The “internet of things” is a concept that describes a wireless network between objects. In a way, it parallels the current network of addressable web pages (aka the “world wide web”), except “the internet of things” would include addressable inanimate objects that could be anything from your home’s refrigerator to the shoes on your feet. Although this world of web-connected things has been much discussed for years, we’ve seen little movement pushing the concept forward. At least, until now.
Recently, we’ve seen a handful of companies attempting to develop technologies that could build an “internet of things.” One example is Tikitag, a company that presented at the DEMO 08 conference. With a Tikitag starter kit and some client software, you can program your own RFID tags so that they can do anything you want them to do. They can launch an application, deliver you to a URL, and so much more.
What’s great about Tikitag’s tags is that you don’t need a specialized RFID reader in order to scan them – they’re compatible with third party readers like NFC (Near Field Communication) enabled mobile phones. There are already over 40 million of these phones available and analysts expect over 250 millions to be sold in 2012.
You can get the Tikitag starter kit with one reader and 10 tags for 34.95 Euro + VAT/$49.95 U.S. Additional Tikitag RFID tags are sold for 19.95 EURO or $29.95 U.S.
Note: Tikitag will be operating under a new name come Monday.
Mir:ror is a device from a company called Violet that detects the objects you show it and gives them powers. As you wave a device over the USB-attached mirror, you can trigger applications and multimedia content automatically. The “magic” mirror isn’t actually sensing the object itself, but is reacting to an RFID tag placed on the object which then tells your computer what to do.
Those tags are embedded in the company’s Ztamps, colorful RFID stamps that you stick on the objects you want to connect. They also work with the company’s other more well-known internet-connected object: the Nabaztag, an adorable rabbit that can deliver anything from ambient information through lights and sounds to verbal information – like when he reads your email or RSS feeds to you.
Pachube is a service that lets you “tag and share real time sensor data from objects, devices, buildings and environments around the world. The key aim is to facilitate interaction between remote environments, both physical and virtual.” On their web site, you can either input a feed or use one of the feeds available. The feeds come from devices, buildings, or interactive installations that are already connected to the internet or that send out SMS messages. Also supported are Second Life installations.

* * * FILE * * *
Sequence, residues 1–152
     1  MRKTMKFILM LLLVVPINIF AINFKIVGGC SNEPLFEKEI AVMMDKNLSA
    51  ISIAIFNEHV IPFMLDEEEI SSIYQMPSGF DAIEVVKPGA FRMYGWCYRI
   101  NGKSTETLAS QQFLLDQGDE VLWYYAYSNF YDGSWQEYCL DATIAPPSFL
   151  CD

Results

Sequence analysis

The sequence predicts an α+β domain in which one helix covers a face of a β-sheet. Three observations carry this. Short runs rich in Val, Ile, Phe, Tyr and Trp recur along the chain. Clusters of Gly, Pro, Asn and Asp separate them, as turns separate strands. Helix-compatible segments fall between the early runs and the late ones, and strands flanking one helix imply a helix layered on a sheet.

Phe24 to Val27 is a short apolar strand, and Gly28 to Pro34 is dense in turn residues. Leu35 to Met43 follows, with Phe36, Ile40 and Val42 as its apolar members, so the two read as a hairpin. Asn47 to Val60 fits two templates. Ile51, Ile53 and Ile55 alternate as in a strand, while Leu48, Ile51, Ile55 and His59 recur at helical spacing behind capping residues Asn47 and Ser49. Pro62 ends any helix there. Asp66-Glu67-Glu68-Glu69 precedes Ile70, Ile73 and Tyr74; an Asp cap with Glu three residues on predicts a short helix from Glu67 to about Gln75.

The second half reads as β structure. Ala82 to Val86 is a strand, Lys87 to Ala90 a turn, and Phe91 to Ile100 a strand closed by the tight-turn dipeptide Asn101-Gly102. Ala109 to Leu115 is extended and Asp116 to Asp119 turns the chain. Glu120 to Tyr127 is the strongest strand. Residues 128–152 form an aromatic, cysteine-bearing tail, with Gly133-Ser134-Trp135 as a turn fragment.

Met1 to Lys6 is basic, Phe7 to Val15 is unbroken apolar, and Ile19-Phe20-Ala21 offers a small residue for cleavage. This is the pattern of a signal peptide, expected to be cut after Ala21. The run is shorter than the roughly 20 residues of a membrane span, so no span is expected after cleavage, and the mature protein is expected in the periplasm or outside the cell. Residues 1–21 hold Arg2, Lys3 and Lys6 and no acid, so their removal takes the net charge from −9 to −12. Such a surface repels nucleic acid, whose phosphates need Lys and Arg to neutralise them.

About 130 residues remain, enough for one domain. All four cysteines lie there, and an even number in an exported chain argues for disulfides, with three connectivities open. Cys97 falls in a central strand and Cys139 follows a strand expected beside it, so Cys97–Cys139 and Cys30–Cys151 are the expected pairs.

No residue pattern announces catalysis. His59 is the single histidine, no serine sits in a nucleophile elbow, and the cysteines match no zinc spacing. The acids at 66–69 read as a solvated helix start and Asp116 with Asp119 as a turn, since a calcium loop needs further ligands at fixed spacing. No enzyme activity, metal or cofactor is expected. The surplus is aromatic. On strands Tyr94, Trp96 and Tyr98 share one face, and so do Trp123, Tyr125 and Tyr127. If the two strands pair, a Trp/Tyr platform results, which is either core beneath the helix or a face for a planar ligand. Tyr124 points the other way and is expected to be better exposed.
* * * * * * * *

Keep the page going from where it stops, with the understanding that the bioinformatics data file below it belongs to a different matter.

By registering a feed on the site, you can share your real-time data with other objects, keep historical records of your data, or create online graphs to use in a web page.
Arduino is an open-source electronics prototyping platform made up of open source hardware and software. It’s intended for artists, designers, hobbyists, and anyone interested in creating interactive objects or environments – that is, “the internet of things.”
For an example of the type of internet-connected objects you can build with Arduino, look at this presentation where the author configured a kid’s toy ray gun to react when anyone posted on Twitter about the #barcampliverpool hash tag.
ZeroG Wireless is a semiconductor company that’s focused on building low-power wireless chips. Their low-power Wi-Fi chips can be embedded into any system including consumer electronics, smart energy devices, home and building controls, portable medical sensors, and sensor networks. The company was founded “based on the belief that a new paradigm of wireless connectivity is upon us. According to their web site, they envision a “4th Age of Wireless — the Internet of Things.”